By Christina Hevel, undergraduate, Loyola University Chicago
Elsa E. Burnett was born in 1866 in Tennessee. She married Homer T. Burnett in 1899 and the couple settled in Indianapolis, Indiana, the home from which Elsa launched a vibrant career in the woman suffrage movement. The couple resided in Indianapolis in 1900 and lived with Edward Robbins, a 13-year-old son of Elsa's from an earlier marriage. The 1910 census found them in Indianapolis, living with Edward, now 21, and three lodgers. In 1920 the couple resided in Indianapolis as lodgers. Homer was employed as a traveling salesman in all three years and Elsa was noted as bearing two children, only one of whom was still living.
Burnett started in politics on the steering committee of the Legislative Council of Indiana Women, a group consisting of members from many different women's clubs in Indiana who lobbied the state legislature together on behalf of maternalist and feminist policies. Once a proposed measure was voted on within the council, the steering committee would act to take the proposal to their Congressmen. "The 75 delegates of the steering committee," notes historian Jenifer Kalvatis, "discussed topics such as women and children, schools, women and children in industry, health legislation, housing, suffrage, and prohibition." In January of 1919, the group sent a cablegram to President Woodrow Wilson regarding the women's suffrage amendment, stating, "Our democracy at home fails."
Burnett was also a member of the Congressional Union (CU), which eventually became the National Woman's Party (NWP). Alice Paul and Lucy Burns, originally active in the National American Women Suffrage Association (NAWSA), founded the CU in April of 1913 as an organization focused squarely on activism around a federal amendment. Paul and Burns broke away from NAWSA, but would later reunite with the group. Burnett was a member, chairman and eventually elected president of the Indiana branch of the NWP. In 1919, Congress finally passed a federal women's suffrage amendment, and in 1920, the 19th Amendment was signed by Secretary of State Bainbridge Colby. Elsa Burnett was 54 years old.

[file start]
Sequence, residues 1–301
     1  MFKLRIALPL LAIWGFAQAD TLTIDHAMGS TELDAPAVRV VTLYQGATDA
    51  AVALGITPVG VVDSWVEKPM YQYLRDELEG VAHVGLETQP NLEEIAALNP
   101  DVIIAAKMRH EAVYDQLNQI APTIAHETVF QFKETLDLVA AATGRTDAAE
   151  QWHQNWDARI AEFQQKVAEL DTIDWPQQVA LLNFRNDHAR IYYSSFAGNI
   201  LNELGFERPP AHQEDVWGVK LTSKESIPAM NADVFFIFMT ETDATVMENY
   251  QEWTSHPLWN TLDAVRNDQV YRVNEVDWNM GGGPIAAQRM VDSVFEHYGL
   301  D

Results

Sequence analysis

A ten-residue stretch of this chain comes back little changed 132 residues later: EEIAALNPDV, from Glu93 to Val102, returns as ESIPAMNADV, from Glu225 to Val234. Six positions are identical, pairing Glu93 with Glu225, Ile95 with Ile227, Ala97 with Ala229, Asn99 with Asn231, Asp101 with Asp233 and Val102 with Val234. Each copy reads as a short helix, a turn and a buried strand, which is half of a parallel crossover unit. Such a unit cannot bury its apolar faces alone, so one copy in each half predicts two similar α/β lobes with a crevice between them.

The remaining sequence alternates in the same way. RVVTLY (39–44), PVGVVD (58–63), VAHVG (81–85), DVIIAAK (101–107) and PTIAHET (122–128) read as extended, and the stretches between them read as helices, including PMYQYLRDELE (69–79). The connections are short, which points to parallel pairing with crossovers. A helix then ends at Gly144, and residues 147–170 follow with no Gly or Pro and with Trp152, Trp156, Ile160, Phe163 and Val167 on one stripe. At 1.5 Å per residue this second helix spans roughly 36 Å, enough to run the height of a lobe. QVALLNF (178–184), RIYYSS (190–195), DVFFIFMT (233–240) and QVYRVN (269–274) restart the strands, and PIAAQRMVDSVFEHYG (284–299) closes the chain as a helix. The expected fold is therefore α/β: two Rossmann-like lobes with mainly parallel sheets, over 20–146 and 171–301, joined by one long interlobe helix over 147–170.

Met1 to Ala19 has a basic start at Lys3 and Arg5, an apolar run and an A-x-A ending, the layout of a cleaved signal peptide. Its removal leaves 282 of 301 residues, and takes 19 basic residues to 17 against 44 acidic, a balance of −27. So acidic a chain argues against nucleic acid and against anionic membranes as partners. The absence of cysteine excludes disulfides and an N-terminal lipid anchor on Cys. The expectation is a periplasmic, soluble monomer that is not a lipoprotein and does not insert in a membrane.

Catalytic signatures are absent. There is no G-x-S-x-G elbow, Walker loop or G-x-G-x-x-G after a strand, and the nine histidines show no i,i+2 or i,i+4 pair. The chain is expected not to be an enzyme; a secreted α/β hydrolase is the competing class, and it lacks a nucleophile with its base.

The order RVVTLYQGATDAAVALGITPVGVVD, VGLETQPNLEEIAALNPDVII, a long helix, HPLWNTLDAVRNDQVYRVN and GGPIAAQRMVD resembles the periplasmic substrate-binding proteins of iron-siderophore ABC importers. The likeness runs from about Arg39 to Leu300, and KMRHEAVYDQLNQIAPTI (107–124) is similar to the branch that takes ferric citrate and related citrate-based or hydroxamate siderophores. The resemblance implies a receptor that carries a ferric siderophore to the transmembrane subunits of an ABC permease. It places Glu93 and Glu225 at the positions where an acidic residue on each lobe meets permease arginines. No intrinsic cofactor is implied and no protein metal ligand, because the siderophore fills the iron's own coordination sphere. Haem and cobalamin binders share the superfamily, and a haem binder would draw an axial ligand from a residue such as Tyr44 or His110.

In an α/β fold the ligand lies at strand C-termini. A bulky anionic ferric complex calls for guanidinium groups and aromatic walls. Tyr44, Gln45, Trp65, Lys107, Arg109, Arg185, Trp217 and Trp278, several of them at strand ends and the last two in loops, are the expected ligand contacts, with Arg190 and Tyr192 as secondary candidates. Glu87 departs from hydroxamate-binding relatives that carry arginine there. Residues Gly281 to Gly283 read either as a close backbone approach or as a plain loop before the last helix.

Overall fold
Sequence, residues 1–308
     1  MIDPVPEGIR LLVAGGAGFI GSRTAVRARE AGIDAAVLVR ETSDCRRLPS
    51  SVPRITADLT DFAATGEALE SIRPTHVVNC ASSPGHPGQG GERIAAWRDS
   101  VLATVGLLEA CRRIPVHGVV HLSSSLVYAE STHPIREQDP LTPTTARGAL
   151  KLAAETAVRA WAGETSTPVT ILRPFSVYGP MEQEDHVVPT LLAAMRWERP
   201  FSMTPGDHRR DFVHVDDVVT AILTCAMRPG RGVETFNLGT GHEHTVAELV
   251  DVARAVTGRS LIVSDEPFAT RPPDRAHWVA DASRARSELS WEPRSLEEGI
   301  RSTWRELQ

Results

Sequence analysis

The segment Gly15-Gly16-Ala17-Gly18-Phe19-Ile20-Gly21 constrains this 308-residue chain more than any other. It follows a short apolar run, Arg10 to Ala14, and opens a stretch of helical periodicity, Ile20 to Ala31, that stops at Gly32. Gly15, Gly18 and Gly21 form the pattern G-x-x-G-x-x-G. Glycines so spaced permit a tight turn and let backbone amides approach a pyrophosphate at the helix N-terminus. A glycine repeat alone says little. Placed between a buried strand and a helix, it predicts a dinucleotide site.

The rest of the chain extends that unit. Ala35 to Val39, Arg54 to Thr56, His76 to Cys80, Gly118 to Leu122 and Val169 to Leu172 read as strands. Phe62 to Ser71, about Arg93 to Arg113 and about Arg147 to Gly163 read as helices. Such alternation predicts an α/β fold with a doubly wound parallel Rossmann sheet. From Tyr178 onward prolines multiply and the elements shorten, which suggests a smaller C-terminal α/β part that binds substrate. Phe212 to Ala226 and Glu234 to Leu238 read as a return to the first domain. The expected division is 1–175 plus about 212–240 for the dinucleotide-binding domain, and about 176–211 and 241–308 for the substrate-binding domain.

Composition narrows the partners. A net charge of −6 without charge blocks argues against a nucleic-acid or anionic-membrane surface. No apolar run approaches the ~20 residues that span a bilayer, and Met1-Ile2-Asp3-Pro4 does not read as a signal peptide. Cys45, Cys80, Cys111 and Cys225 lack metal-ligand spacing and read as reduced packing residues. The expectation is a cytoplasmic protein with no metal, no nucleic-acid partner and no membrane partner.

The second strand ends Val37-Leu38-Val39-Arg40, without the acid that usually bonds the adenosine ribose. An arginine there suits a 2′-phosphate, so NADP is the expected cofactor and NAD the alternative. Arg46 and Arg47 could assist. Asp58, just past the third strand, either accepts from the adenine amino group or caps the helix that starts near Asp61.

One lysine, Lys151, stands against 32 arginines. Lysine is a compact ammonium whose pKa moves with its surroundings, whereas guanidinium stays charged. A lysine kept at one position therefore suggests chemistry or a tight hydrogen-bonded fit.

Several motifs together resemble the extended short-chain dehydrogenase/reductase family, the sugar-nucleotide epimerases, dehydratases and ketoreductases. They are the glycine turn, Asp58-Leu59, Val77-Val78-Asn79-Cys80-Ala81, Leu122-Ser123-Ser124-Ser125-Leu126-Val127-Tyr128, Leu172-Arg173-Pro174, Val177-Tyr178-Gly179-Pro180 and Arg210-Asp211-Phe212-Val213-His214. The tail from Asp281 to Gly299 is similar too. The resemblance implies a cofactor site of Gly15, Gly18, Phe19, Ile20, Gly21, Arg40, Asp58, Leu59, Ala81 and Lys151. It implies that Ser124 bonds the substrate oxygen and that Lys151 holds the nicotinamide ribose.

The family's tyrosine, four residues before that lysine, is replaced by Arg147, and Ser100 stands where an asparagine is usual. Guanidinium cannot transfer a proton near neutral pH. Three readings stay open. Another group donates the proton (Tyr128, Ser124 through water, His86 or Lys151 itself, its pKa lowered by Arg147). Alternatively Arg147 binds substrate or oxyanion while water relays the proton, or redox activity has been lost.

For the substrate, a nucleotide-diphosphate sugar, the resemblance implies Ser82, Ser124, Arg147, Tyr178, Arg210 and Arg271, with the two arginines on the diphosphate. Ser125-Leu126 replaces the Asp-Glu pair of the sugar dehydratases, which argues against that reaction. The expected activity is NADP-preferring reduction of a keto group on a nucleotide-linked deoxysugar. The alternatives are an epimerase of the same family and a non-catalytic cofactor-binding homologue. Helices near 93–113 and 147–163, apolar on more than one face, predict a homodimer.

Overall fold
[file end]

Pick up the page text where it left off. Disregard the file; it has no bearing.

Burnett was also a staff member for the journal, The Suffragist. Created by the Congressional Union, it focused on the rights of women and the ratification of the suffrage amendment. Reporting on the latest developments of the movement, it aimed to build financial and political support for the passage of the 19th amendment. The National Woman's Party used this newspaper, with its powerful graphics and articles, as a tool in the fight for their cause. The newspaper stopped printing after the amendment's passage. Elsa Burnett died in 1945 at the age of 79.
1900-1920 Federal Manuscript Censuses for Indianapolis. Accessed via Ancestry Library Edition.
Ancestry.com, Indiana Index to Select Marriages 1870-1992, reference ID pg202 rn47.
"Big Massachusetts meetings endorse suffrage," The Suffragist, 6:24 (1918), 10.
Evans, Sara. Born for Liberty (New York: Simon and Schuster, 1997).
Kalvaitis, Jennifer. "Indianapolis Women Working for the Right to Vote," accessed at https://scholarworks.iupui.edu/handle/1805/3747.
"Suffragist Newspapers, Sewall-Belmont House Museum." Sewall-Belmont House Museum. Accessed Sept. 15 2015. http://www.nationalwomansparty.org/learn/national-womans-party/.
"Women Chosen Who Will Help in Legislature," Kokomo Tribune, 11 Jan. 1919.